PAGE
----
Choosing the right type of wood for your project requires a little background knowledge of the traits of different woods. Cedar and pine are two common options used for many building projects, both of which have a variety of subspecies scattered around the world. Domestically, both pine and cedar are harvested mainly in the Northwest. Builders use both varieties for trim, furniture and structural lumber. Pine and cedar are prized by woodworkers for different reasons, but the two species often overlap in how they're used.
Hard or Soft
Pine and cedar are both softwoods, which means the trees are evergreens or conifers. Even though they're called softwoods, they're actually very strong. Many woodworkers and builders choose softwoods because they're easier to work with than hardwoods. The Janka scale ranks all wood for hardness, with a higher number correlating with a harder wood. The rating for white pine, one of the most common varieties, is 420. Yellow pine earns an 870, while cedar comes in at an even 900. For the sake of comparison, red oak gets a 1,290 on the Janka scale.
White pine is a versatile, all-purpose wood. It's affordable, readily available, light, easy to work with and finishes nicely. Door and window casings and trim moldings often feature white pine construction. The flexibility in the wood helps the molding and trim bend to fit walls that aren't perfectly straight.
White pine typically doesn't need to be drilled before nailing or driving screws, and it's not prone to cracking if fasteners are located more than 3/4 inch from the edges. White pine is widely used for beginner or student woodworking classes because it's affordable, easy to cut, glue and sand, and it accepts stain, clear finishes or paint equally well.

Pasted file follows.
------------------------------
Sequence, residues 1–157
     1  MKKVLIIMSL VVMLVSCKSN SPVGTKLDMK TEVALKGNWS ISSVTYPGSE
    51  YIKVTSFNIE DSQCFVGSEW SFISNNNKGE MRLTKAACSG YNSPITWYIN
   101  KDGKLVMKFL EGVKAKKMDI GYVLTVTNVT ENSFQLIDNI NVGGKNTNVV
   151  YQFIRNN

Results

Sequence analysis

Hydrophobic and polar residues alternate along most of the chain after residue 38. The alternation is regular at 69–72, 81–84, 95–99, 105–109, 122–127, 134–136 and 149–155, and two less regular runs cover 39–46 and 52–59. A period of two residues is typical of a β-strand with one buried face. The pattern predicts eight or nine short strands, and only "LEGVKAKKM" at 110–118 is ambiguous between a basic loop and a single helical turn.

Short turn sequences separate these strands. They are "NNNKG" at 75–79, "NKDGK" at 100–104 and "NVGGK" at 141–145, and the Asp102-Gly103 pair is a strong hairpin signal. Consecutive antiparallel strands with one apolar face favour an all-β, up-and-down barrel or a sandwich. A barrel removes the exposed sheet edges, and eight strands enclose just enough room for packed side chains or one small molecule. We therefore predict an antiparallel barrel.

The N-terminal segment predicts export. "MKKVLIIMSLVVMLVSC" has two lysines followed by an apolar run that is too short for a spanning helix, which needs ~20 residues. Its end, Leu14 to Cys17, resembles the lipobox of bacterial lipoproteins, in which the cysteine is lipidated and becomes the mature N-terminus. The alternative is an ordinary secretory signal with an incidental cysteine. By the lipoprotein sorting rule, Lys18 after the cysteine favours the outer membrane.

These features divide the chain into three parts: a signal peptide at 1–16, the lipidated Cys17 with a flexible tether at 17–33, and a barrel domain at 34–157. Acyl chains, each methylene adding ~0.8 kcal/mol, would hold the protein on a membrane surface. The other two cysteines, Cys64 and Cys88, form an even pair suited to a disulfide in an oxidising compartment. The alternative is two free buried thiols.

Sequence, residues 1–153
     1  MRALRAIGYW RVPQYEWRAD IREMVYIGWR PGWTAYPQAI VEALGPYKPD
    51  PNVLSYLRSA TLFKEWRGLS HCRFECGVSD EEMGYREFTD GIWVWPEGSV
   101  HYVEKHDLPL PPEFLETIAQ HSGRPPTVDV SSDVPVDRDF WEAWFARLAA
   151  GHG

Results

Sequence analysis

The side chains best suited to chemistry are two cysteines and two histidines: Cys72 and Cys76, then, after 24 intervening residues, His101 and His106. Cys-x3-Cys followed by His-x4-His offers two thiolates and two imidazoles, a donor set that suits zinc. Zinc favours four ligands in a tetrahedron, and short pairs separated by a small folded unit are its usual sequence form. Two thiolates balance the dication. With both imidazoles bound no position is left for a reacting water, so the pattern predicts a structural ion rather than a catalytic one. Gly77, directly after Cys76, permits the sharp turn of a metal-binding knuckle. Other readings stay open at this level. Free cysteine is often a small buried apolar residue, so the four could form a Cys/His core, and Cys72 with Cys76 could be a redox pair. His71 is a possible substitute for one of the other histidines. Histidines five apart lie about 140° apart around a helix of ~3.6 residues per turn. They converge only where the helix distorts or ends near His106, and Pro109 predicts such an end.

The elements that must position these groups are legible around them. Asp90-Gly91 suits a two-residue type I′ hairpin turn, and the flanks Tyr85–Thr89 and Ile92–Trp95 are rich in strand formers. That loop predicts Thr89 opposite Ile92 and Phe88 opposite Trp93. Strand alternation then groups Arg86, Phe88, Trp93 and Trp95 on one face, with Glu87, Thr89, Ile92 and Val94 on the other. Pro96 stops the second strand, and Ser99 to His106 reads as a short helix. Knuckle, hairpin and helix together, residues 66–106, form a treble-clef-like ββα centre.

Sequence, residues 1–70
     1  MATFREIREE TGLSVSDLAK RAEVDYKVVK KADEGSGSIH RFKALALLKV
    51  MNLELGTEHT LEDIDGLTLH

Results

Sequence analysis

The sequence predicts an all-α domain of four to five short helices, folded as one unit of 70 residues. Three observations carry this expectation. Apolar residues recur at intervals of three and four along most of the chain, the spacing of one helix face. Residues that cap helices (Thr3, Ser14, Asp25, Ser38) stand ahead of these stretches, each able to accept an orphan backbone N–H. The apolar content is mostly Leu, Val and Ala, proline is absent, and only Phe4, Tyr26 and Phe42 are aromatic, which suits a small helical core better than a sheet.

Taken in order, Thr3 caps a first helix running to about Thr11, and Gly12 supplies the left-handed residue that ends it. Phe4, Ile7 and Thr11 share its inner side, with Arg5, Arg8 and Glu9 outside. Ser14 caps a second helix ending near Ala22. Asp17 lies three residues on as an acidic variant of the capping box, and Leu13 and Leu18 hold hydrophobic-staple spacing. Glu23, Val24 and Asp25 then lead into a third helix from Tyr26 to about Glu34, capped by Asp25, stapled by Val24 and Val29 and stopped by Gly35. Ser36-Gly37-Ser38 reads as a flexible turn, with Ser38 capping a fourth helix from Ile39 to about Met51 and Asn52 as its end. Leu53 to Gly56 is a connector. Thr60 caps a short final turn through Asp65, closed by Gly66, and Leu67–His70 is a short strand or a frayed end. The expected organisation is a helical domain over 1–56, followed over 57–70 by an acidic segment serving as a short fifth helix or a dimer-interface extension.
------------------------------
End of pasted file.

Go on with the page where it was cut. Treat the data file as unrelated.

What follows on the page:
Yellow pine is much harder than white pine. It looks similar and features a straight-grain amber color. It's often used as a construction or structural building material, and yellow pine studs and beams used in framing are comparable in strength and stiffness to Douglas fir. Sometimes referred to as Southern pine, the straight-grain strength and resiliency make it suitable for exterior window and door trim, fascia and other exterior trim. Although yellow pine lacks the weather-resistant qualities of cedar, it performs well when sealed and maintained on a regular basis. Pressure-treated yellow pine is used commercially for permanent wood foundations and marine applications, such as piers and bridges.
Cedar is dimensionally stable and resists shrinking and swelling. Cedar resists weathering, decay and insect infestation, so it's perfect for siding, fencing and exterior trim. Home builders choose cedar for areas where humidity and fluctuating temperatures are an issue. Rough-surfaced or rough-sawn cedar has a rough, fibrous appearance. The rugged beauty of rough-sawn cedar lends a rustic, lodge-like appearance to the exterior of any building when used as trim or siding. Other exterior uses include shingles, decking, fencing and outdoor fixtures, including furniture. Cedar can be left natural or stained or painted.
Aromatic and Clear Cedar
Clear cedar is rough-sawn cedar that's finished flat and clean. Reddish-brown swirls and knots make clear cedar an attractive trim material for interior decorating. Furniture makers use clear cedar for Adirondack chairs, tables and other outdoor furniture. Clear cedar sometimes appears on acoustical guitar soundboards. It has a pleasant aroma when cut.
Aromatic cedar produces the trademark scent prized by woodworkers for lining cedar chests, drawers and closets. The aromatic scent repels moths and produces that waft of clean, clear aroma every time you open the door. As a bonus, aromatic cedar holds up well in high-moisture environments such as saunas.